Defense Date

2011

Document Type

Dissertation

Degree Name

Doctor of Philosophy

Department

Psychology

First Advisor

Everett Jr. Worthington

Abstract

The purpose of the following studies is to understand the factors that are related to and influence a person’s merciful behavior toward an offender. I define mercy as an act by a person who has the authority to do so that administers or recommends less negative consequence or punishment than is deserved by someone justly deserved. In Study 1, undergraduate students (N = 400) completed the Mercy Meter, a self-report measure of mercy. The Mercy Meter’s scale structure and psychometric properties were examined using Item Response Theory Rasch Analysis. A 14-item, 2-factor scale was established with good psychometric properties. Evidence for the construct validity of the Mercy Meter was also found. In Study 2, I examined the effect of group status and empathy on a participant’s merciful behavior towards an offender who is being punished. Undergraduate students (N = 77) participated in a laboratory experiment in which they watched another student confess to an offense, receive a punishment sentence from a second student, and carry out the prescribed punishment. Participants’ level of mercy was measured by the length of time that they allowed the punishment to continue. Results suggest that the offender’s group status, but not the participant’s empathy towards the offender, had a direct effect on mercy. Implications, next steps for future research, and limitations of the current study are discussed.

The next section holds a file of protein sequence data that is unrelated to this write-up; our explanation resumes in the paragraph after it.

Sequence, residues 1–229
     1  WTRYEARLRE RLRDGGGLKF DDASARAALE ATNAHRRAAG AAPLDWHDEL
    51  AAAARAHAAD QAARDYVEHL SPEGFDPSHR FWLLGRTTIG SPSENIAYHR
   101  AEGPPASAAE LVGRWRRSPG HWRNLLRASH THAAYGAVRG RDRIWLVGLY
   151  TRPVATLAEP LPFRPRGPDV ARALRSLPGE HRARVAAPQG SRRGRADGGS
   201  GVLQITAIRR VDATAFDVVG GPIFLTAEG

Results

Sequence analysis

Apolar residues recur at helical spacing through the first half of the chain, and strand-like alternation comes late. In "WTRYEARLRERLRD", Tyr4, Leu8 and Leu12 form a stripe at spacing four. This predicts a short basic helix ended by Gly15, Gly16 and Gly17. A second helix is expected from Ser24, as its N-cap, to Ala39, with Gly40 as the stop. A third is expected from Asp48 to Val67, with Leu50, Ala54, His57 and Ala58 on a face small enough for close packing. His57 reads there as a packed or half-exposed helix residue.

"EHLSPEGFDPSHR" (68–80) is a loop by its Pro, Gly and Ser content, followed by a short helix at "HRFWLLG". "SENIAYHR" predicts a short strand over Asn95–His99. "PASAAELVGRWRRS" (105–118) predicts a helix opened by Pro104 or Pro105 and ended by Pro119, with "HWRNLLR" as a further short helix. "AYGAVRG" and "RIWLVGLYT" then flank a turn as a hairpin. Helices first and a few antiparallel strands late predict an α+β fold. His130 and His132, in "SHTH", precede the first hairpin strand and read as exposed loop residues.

Rights

© The Author

Is Part Of

VCU University Archives

Is Part Of

VCU Theses and Dissertations

Date of Submission

June 2011

Included in

Psychology Commons

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